Although the area in which Soave makers could obtain DOC status after 1968 reflected the expanded production zone, strict rules on the blend had to be followed.  Garganega grapes had to make up between 70 and 100 per cent and Trebbiano di Soave between 0 and 30 per cent.

The beautiful rolling hills near Verona where Soave is made
The beautiful rolling hills near Verona where Soave is made
Soave produced from grapes grown in the historical 1,100 hectares around Soave and Monteforte d'Alpone was marketed as Soave Classico.

Since the DOC classification came into being, two further indicators of provenance have been introduced.  Wines of the highest quality can qualify for the certification category Denominazione di Origine Controllata e Garantita (DOCG), while wines that do not adhere exactly to the DOC guidelines but are nonetheless judged as of good quality can be awarded an IGT (Indicazione Geografica Tipica) certificate.

Recent signs are that Soave is regaining some of the market share lost to Pinot Grigio.  More sophisticated and reliable production methods have led to higher quality wines, with subtle variations in taste relating to the location of the vineyard underpinning the crisp, non-acidic freshness.

Older wine connoisseurs are still tending to give it a wide berth but a new, younger generation of wine drinkers are discovering it afresh, tiring of Pinot Grigio, still enjoying the fashionable Sauvignon Blancs of Australia and New Zealand but finding Soave a pleasing alternative that is a little easier on the pocket.

The 10th century house at the centre of Soave Castle
The 10th century house at the centre of Soave Castle
Travel tip:

Soave, a small municipality of fewer than 10,000 inhabitants, is notable for its castle, which enjoys a commanding location overlooking the town.  Originally built in the 10th century to protect the area against the Hungarians, it was added to in the 14th and 15th centuries and has three lines of walls.  It was bought privately in the 19th century and restored, and is now open to the public, with several rooms of exhibits, including a dining room with medieval kitchenware.  The poet Dante Alighieri is said to have stayed there as a guest of the Scaligeri family, who were part of a noble Veronese dynasty.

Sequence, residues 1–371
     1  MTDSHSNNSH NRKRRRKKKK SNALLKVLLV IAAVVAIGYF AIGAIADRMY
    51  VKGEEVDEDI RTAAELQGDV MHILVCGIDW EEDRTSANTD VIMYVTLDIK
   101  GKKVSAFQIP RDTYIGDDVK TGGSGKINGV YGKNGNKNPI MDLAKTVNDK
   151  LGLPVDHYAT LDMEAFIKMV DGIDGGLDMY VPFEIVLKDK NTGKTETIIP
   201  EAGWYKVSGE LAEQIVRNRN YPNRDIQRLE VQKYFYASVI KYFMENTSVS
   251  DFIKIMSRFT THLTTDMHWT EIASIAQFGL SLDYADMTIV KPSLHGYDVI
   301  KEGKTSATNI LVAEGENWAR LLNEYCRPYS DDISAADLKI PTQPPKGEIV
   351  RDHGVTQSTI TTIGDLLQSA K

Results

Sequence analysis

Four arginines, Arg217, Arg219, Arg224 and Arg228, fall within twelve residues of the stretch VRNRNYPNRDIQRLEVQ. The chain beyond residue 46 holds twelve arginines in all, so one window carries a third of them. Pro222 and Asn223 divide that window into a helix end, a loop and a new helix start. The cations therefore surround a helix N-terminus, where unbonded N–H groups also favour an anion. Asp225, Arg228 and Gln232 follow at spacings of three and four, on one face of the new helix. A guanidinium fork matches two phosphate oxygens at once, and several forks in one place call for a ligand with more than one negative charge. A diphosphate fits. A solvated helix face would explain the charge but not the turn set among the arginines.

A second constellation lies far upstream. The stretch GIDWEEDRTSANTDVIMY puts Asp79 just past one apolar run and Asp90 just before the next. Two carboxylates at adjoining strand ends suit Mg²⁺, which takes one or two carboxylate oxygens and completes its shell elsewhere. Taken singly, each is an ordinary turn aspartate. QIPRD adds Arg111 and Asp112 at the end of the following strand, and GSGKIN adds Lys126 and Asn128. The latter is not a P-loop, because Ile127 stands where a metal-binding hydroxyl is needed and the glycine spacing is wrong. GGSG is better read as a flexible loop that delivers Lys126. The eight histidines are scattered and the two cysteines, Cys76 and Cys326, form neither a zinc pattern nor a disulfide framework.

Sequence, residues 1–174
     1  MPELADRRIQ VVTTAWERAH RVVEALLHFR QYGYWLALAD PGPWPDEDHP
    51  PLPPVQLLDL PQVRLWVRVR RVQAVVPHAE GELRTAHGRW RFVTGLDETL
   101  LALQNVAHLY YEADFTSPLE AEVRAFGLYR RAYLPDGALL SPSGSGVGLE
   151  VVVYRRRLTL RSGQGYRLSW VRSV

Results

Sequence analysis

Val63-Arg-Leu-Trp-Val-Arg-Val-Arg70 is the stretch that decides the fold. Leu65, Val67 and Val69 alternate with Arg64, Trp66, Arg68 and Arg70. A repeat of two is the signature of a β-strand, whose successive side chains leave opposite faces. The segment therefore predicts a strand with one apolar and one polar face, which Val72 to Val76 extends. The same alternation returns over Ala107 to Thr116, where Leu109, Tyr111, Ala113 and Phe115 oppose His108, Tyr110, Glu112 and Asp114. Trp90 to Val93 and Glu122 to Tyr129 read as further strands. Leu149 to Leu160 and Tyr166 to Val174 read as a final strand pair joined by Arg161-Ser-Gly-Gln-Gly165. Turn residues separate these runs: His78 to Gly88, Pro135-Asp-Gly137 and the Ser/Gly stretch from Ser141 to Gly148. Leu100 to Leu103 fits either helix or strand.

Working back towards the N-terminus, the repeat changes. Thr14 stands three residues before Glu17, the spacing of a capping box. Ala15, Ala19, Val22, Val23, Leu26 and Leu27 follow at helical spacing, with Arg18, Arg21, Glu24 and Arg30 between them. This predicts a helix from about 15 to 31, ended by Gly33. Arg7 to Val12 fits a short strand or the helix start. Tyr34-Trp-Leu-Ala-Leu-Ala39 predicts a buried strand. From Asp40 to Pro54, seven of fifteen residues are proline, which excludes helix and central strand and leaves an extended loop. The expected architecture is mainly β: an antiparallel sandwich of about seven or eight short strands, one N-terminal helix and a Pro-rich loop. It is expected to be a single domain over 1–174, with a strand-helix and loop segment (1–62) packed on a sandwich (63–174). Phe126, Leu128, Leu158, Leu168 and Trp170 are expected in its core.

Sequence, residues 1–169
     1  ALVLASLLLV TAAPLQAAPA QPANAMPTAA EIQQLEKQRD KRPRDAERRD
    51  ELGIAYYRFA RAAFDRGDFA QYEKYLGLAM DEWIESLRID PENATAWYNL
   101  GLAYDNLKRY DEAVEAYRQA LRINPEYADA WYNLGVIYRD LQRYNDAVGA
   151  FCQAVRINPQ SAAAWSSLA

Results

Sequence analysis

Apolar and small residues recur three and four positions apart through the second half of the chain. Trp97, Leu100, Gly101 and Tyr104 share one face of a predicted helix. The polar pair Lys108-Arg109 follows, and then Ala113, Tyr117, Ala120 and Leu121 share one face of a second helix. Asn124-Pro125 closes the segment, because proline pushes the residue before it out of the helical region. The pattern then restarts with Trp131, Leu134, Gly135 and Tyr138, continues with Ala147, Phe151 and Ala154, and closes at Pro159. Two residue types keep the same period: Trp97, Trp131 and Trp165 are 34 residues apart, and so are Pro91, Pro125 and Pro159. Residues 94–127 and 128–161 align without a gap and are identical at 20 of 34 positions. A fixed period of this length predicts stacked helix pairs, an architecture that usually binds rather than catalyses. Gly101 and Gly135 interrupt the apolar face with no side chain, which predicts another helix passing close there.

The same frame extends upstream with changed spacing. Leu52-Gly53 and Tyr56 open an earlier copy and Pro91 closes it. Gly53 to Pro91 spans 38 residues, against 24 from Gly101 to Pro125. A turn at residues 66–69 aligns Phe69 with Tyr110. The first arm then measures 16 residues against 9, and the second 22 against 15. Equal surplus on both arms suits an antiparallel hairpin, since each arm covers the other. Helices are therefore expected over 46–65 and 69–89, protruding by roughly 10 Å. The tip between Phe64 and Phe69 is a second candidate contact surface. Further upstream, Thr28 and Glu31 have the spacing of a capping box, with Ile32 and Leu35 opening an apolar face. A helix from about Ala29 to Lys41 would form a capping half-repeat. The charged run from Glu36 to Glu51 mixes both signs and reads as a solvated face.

Travel tip:

Nearby Verona, which sits astride the Adige river, is regarded as one of Italy's most beautiful cities.  It attracts hundreds of thousands of visitors whose sole aim is to find the 14th century house in the centre of the city where the balcony overlooking a courtyard was made famous by Shakespeare's play Romeo and Juliet, which he based on stories of Verona's warring Montague and Capulet families.  But there is much more to the city, which has a fascinating network of narrow medieval streets, some fine churches, handsome squares and impressive Roman ruins, the most famous of which is the vast Arena amphitheatre, designed to accommodate 30,000 spectators and now a major venue for music concerts and opera.

(Photo of Soave landscape by Alessandro Pighi CC BY-SA 4.0)
(Photo of Soave Castle by Casalmaggiore Provincia CC BY-SA 4.0)